The Bank of Estonia has announced that they have ordered 10 million one-cent coins from the Kremnica Mint in Slovakia to meet the needs of merchants for low-value euro-cent coins to use with cash payments in the years ahead. As Estonians readily circulate five-cent coins and larger denominations routinely, the bank deems there are sufficient quantities of the other six denominations to meet the demands of the public.
The denominations, ranging from five-euro cents to €2, are reported to be in sufficient quantity by the Central Bank and that there is no need to order new supplies of these coins every year. An average of two truckloads of new one and two-cent coins are brought to Estonia every year. As with many countries which are part of the euro-zone, people receive the two smaller coin values in cash transactions and do not re-circulate them, but instead bank larger quantities or simply save them up. The reason for this is that throughout much of the euro-zone, the one and two-euro cent coins have little or no buying power alone.
The Bank of Estonia, which introduced the single currency into use in Estonia in 2011, has started a discussion about whether the circulation of one and two-cent coins should be limited or discontinued and if rounding prices to the nearest five cents should be introduced. The rule does not propose that individual items for sale or services should be either rounded up or down, but rather the final total at the point of sale would be affected, and only for cash purchases. Studies have shown that experiences from other countries who have put this practise in place has indicated that rounding up or down does not exponentially raise prices overall, but it is effective in substantially reducing the use of one and two-cent coins. A euro-barometer survey carried out last year showed that 71% of Estonian consumers support the idea of introducing rounding rules. The one-euro cent coin is equal in exchange to the previous 15.5 senti and the two-euro cent coins equivalent to 31 senti. At the time of the euro changeover, the smallest Estonian coin based on the kroon currency was 10 senti. The new consignment of 10 million one-euro cent coins equates to just 7.5 coins for the whole of the country’s population of 1,324,000.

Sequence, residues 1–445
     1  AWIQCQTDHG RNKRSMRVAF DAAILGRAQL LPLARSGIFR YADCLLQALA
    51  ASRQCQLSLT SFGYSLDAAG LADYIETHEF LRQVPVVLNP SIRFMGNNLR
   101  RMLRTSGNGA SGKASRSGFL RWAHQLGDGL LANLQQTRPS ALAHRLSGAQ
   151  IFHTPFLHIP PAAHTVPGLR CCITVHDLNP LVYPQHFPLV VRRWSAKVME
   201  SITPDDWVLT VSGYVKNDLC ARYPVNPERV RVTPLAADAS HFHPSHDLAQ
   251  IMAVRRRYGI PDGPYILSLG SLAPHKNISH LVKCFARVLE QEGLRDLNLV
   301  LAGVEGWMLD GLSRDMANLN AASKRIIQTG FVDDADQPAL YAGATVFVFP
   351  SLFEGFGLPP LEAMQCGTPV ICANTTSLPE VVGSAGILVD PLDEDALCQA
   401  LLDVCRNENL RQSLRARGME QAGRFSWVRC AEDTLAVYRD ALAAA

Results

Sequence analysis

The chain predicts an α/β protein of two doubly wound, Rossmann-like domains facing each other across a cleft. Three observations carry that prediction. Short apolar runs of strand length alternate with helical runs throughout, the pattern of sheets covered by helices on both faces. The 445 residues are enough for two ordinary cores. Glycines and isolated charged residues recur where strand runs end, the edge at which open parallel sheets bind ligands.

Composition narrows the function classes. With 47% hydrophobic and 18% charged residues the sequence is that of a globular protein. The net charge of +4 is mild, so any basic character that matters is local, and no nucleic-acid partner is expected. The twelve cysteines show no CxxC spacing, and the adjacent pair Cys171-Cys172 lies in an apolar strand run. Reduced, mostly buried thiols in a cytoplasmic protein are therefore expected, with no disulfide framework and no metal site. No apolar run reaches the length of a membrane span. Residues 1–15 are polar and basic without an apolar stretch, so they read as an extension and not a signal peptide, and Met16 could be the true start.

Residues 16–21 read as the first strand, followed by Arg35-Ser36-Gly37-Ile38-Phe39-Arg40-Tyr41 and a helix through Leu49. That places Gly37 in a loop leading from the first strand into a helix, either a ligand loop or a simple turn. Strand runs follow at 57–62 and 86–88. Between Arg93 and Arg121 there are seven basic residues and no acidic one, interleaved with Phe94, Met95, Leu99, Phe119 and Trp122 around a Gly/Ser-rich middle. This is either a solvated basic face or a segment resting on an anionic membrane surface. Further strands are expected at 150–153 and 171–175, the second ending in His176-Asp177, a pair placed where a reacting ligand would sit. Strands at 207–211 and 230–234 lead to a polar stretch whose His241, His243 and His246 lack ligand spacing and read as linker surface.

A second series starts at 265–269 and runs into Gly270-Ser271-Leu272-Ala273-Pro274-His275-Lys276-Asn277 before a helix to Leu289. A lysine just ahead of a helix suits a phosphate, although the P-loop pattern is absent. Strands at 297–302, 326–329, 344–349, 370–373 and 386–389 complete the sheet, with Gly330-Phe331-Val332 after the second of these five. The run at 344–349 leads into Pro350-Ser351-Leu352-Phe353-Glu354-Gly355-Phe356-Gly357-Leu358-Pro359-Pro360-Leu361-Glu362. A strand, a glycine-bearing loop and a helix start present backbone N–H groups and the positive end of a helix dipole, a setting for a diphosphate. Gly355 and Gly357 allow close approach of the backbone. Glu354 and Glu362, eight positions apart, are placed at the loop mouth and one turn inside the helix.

For additional information about the coins and banknotes in circulation in Estonia, please visit their website.
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